Amy moved to Cairo in 2002, completed her master’s in 2004 and moved back to D.C., where she spent the next 10 years working for various non-governmental organizations that did democratic governance work all over the world. Because her degree focused on the Middle East, her work kept her focused there as well. “My work was dependent on local need in any given country and the environment there,” she says.
One project, in The West Bank, consisted of training 400 women municipal candidates, 175 of who won their local council seats. Another, also in The West Bank, was helping modernize an independent TV station so it could reach a larger number of citizens, providing what Amy calls a localized, credible alternative to the existing state-run media outlets.
“The crux of what I did in the Middle East for those 10 years was to teach the things we take for granted here: citizen rights and responsibilities and interacting with elected officials,” she says. “A lot of those communities are marginalized so this work was empowering those marginalized communities and those front-line activists to be able to defend themselves within their society.”
As tiny as Amy is physically, she’s equally as large in courage. “I never felt threatened by working there,” she says. “I had no qualms about where I was going, and oftentimes I was traveling alone. I’m probably more aware of my surroundings than most people, but I was never concerned. I don’t think I was naïve, but I do think I was relatively fearless.”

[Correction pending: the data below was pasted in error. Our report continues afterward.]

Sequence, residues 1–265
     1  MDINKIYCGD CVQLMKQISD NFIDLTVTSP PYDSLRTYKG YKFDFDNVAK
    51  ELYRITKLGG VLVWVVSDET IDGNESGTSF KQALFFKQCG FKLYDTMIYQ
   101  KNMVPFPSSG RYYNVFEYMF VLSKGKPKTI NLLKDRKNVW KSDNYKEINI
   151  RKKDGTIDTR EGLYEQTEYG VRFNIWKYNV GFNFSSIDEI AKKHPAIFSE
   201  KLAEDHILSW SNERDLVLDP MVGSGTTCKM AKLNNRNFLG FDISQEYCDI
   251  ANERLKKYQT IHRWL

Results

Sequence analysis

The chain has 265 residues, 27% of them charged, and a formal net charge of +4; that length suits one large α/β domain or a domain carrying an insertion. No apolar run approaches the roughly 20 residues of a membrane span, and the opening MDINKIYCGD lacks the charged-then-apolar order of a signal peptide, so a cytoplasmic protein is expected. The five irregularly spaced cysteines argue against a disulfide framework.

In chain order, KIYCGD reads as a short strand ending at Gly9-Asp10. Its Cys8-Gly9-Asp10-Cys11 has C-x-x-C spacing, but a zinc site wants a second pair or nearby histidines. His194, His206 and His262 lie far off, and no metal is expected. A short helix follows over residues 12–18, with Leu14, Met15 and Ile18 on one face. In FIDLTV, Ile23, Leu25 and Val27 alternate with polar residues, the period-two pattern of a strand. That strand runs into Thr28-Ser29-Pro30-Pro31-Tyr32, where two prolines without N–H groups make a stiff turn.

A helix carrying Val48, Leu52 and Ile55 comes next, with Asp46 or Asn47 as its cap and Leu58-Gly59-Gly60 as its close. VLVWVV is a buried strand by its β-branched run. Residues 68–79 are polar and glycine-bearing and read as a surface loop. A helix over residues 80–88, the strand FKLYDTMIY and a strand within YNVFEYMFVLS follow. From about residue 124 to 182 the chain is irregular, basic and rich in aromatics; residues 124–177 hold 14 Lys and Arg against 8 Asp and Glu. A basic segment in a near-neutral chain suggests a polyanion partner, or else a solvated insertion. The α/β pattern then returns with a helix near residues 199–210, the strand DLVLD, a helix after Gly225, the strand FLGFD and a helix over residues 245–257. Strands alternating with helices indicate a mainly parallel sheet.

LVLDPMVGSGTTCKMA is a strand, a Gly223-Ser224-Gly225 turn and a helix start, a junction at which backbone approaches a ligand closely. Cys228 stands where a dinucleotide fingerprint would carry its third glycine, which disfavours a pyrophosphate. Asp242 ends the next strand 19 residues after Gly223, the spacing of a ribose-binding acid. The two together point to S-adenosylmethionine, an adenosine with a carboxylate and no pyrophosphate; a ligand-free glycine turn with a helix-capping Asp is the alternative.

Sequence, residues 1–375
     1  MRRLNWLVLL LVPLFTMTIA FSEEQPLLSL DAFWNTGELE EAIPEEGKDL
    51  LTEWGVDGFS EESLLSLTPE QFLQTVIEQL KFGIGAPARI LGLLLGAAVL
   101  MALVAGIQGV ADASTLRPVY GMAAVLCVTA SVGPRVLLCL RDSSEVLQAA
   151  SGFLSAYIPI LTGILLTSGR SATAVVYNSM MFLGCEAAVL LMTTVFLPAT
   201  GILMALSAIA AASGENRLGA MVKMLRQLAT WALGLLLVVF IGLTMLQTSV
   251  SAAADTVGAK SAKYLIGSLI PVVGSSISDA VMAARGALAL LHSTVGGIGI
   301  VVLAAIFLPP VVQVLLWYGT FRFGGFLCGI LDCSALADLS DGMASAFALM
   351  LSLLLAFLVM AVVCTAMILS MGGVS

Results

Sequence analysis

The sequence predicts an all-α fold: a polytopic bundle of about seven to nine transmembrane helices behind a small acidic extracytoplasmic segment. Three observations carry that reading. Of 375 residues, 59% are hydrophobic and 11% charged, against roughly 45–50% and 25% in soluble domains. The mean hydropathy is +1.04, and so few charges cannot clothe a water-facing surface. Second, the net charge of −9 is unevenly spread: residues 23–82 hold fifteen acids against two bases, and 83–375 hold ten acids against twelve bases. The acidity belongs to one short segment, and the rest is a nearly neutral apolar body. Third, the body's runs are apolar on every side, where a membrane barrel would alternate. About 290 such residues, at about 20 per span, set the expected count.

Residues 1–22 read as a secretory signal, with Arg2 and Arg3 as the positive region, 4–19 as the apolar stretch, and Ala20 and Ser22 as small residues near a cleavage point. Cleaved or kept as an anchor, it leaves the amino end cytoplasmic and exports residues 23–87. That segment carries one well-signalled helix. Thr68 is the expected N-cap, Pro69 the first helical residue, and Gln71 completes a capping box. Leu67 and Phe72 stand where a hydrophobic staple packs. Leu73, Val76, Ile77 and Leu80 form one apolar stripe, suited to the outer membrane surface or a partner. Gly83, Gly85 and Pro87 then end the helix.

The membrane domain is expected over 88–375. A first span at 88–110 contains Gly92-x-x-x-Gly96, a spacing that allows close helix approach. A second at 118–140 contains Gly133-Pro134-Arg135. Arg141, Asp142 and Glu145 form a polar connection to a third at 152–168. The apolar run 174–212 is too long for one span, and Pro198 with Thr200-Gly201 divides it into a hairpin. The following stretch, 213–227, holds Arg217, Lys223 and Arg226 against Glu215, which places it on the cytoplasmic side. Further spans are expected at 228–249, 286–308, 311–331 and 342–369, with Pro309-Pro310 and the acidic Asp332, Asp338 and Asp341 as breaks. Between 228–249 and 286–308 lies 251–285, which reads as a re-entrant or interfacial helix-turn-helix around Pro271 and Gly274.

Amy had always assumed that at some point she’d move home, and in 2014, she returned to the ranch to live. “In my time in the Middle East, I did lots of crazy things in terms of my work, but this is the most terrifying thing I’ve ever done, hands down!”she says.
“I’m the sixth generation to live and work on the ranch,” she adds. “My great-great-great grandparents are the ones who first moved to the United States from Sweden in 1867 and moved to Briscoe County, where we live, in 1892. My great-great grandfather moved to the Texas Panhandle in the 1870s and in the 1890s, he began to purchase land on the outside of the JA Ranch [the oldest privately owned cattle ranch in the Palo Duro Canyon section of the Texas Panhandle], where he worked as a cowboy.
“While my parents are both still healthy, I want to learn as much as I can from them and keep as much of this way of life together as possible,” she says. “Too much blood, sweat and tears have gone into this ranch for me to not honor that as best I can. I feel like it’s important to preserve our ranching history and heritage as a whole.”